The following day, 14 August 609 was patrolling Boscombe Down at 15,000 feet (4,600 m). Flying Spitfire R6961, Dundas damaged a Bf 110 before it escaped into cloud. Directed onto a formation of Do 17s soon after he damaged one bomber before taking hits from defensive fire. Returning to base, Dundas spotted a He 111 with its wheels down and made a brief attack that caused it to crash 5 miles (8 km) south-west of his airfield.[Note 2] The machine belonged to the Stab Staffel from Kampfgeschwader 55 ("bomber wing 55").[20]

Dundas did not make another claim until 15 September, a date known as Battle of Britain Day. In the morning, piloting R6922, he damaged a Do 17, knocking out one of its engines. Flying another Spitfire, X4107, he shared a Do 17 with his wingmen, Pilot Officer Mike Appleby, and the American pilot Vernon Keogh.[21] On 24 September, he damaged a Do 17 while destroying a Bf 110 in X4472. In the same Spitfire Dundas claimed a Bf 109 shot down on 26 September and damaged another Do 17. The following day he claimed a Bf 110 destroyed near Bristol.[22]

Eleven days later Dundas claimed a probable victory against a Bf 110, after a battle with German aircraft six miles north of RAF Warmwell at 16:30. Despite firing a 12–14 second burst at the enemy fighter, he did not see it crash. During the battle Dundas was hit in the leg when a cannon round exploded in his cockpit, but flew again the next day. The Spitfire Dundas flew that day, R6915, still exists, having been preserved by the Imperial War Museum.[23][24] By 9 October 1940, his score stood at 10 and he was award the Distinguished Flying Cross.[25]

A week later, on 15 October 1940, Dundas destroyed another Bf 110 in P9503 at 14,000 feet (4,300 m) over Christchurch, Dorset. Evading a Bf 109 attack, Dundas' radio failed and he was unable to re-group his section. Noticing Bf 110s above at 18,000–20,000 feet (5,500–6,100 m) he climbed to attack; his victim crashed at Bournemouth. He was then chased by a pair of Bf 109s but evaded them.[15] His victory was 609s 99th aerial victory. [Note 3]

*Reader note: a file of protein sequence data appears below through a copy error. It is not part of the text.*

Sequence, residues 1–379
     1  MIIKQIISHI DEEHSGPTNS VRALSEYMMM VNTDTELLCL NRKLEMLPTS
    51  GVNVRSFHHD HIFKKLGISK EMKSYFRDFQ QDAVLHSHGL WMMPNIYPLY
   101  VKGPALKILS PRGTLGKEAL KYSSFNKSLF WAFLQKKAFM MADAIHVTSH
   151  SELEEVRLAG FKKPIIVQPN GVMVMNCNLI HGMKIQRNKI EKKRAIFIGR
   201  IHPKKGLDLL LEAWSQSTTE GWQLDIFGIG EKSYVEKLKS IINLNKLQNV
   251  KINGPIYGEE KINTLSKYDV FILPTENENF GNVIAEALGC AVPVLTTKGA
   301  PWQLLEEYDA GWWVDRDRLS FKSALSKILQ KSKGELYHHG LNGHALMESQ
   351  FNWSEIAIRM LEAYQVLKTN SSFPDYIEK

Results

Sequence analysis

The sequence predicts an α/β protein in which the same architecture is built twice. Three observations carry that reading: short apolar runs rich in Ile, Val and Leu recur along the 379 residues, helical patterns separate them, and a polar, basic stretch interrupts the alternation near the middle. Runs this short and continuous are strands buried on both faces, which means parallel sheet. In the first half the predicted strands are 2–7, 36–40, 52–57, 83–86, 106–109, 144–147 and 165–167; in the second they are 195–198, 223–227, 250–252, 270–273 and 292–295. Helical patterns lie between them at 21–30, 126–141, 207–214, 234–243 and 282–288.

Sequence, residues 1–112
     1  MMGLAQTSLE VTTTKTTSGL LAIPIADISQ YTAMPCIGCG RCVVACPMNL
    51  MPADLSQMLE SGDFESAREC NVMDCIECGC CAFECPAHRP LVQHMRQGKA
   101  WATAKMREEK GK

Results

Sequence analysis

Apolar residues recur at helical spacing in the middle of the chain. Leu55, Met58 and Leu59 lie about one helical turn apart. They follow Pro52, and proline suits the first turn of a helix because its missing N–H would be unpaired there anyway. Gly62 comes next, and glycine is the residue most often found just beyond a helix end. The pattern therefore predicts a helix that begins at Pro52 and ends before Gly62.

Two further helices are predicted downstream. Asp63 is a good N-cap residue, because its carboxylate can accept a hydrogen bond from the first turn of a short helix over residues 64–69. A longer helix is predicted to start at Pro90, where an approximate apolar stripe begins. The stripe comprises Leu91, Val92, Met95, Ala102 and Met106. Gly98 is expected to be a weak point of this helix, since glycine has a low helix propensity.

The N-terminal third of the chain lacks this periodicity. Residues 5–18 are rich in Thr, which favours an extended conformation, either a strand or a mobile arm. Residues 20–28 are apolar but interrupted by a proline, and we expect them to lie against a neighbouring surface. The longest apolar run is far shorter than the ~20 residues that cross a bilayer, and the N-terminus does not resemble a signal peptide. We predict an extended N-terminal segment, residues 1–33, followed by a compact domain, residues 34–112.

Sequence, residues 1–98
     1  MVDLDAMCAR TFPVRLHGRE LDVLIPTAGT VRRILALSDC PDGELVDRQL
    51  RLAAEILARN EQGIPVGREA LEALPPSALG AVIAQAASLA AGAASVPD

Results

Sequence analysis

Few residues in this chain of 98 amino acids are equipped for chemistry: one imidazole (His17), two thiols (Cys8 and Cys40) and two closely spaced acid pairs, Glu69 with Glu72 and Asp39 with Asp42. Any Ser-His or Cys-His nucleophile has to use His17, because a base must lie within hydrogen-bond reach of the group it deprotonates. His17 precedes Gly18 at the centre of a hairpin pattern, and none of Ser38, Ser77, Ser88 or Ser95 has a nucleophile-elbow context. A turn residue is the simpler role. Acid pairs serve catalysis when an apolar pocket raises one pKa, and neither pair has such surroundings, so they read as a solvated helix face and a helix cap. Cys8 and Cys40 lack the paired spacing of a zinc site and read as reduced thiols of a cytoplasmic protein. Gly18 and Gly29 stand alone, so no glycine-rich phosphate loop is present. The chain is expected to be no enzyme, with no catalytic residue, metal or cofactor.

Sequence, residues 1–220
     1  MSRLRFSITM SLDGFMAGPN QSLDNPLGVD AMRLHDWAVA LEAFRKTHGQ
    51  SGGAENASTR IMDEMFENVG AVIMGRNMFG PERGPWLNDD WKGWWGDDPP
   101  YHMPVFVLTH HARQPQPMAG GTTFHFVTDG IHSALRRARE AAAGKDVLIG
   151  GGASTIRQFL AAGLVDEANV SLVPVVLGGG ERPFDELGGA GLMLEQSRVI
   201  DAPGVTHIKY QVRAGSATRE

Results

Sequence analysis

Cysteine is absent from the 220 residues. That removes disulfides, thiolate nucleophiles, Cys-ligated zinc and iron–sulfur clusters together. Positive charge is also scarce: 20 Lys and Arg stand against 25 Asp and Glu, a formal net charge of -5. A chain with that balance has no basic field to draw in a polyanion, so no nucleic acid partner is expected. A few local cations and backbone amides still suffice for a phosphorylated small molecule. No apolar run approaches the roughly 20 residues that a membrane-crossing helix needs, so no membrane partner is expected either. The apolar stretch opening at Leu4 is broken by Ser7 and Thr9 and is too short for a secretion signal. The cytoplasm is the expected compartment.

Spitfire R6915, Imperial War Museum (2005). Dundas made a probable claim against a Bf 110 on 9 October 1940 in this machine.

Channel Front and last battle[edit]

By now Dundas was recognised as the highest scoring pilot of the unit, he was highly regarded by his comrades and was well-liked. He passed on experience to younger pilots and was always willing to discuss tactics, particularly with Squadron Leader Michael Robinson. Dundas, even by this early stage in the war, was the only member of the original 'A' (Auxiliary) pilots still with 609.[26] Dundas lamented the few who remained were the "sole champions of the Auxiliary attitude".[27]

On 27 November, a Ju 88 was reported near Southampton. Dundas asked permission to intercept but was refused. Approaching his squadron leader, Dundas asked to take his section up for a practice flight; Robinson did not expecting anything untoward and gave permission. At 22,000 feet (6,700 m) Dundas' section made contact, chasing the German over the Isle of Wight at full throttle – reaching 2,600 revs. The Ju 88 had a healthy head start. But Dundas closed with it and got to within 400 yards (370 m), 15 miles (24 km) off Cherbourg, France. Dundas fired X4586's guns for five seconds while the German gunners put up a determined defence. The Ju 88's port engine caught fire and it dived down steeply, out of control. Now in sight of an airfield filled with Bf 109s, Dundas decided to retreat. He was credited with a probable victory upon his return.[28]

Bf 109 E-4 "Schwarzer Doppelwinkel", Werknummer 5344, flown by Major Wick, October 1940
Helmut Wick

The next day, 28 November, was busy for 609 Squadron. Several scrambles and alerts came through against Bf 109s. The last came at approximately 15:30 Greenwich Mean Time. Dundas was once again piloting X4586. Two squadrons, 152 Squadron and 609 made contact with Bf 109s from Jagdgeschwader 2 ("fighter wing 2"), led by the most successful German ace of the war thus far — Helmut Wick. Minutes after contact had been made and the battle joined, Flight Lieutenant Fieldsend heard the familiar voice of Dundas shout "I've finished a 109—Whoopee!".[29] Squadron Leader Robinson congratulated Dundas but nothing was heard from Dundas, or his wingman Pilot Officer Paul A. Baillon, flying R6631.[30]